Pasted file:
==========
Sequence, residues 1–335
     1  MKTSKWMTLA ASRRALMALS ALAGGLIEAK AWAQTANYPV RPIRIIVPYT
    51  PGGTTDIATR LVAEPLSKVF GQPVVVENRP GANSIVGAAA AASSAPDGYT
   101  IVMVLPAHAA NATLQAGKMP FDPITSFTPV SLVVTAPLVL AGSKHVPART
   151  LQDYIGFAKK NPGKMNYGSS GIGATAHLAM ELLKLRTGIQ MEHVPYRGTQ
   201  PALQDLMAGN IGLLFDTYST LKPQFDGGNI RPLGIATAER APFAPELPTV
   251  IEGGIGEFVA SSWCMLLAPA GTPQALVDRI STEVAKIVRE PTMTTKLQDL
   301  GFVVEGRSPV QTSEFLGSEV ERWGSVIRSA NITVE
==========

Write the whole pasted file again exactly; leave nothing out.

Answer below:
Sequence, residues 1–335
     1  MKTSKWMTLA ASRRALMALS ALAGGLIEAK AWAQTANYPV RPIRIIVPYT
    51  PGGTTDIATR LVAEPLSKVF GQPVVVENRP GANSIVGAAA AASSAPDGYT
   101  IVMVLPAHAA NATLQAGKMP FDPITSFTPV SLVVTAPLVL AGSKHVPART
   151  LQDYIGFAKK NPGKMNYGSS GIGATAHLAM ELLKLRTGIQ MEHVPYRGTQ
   201  PALQDLMAGN IGLLFDTYST LKPQFDGGNI RPLGIATAER APFAPELPTV
   251  IEGGIGEFVA SSWCMLLAPA GTPQALVDRI STEVAKIVRE PTMTTKLQDL
   301  GFVVEGRSPV QTSEFLGSEV ERWGSVIRSA NITVE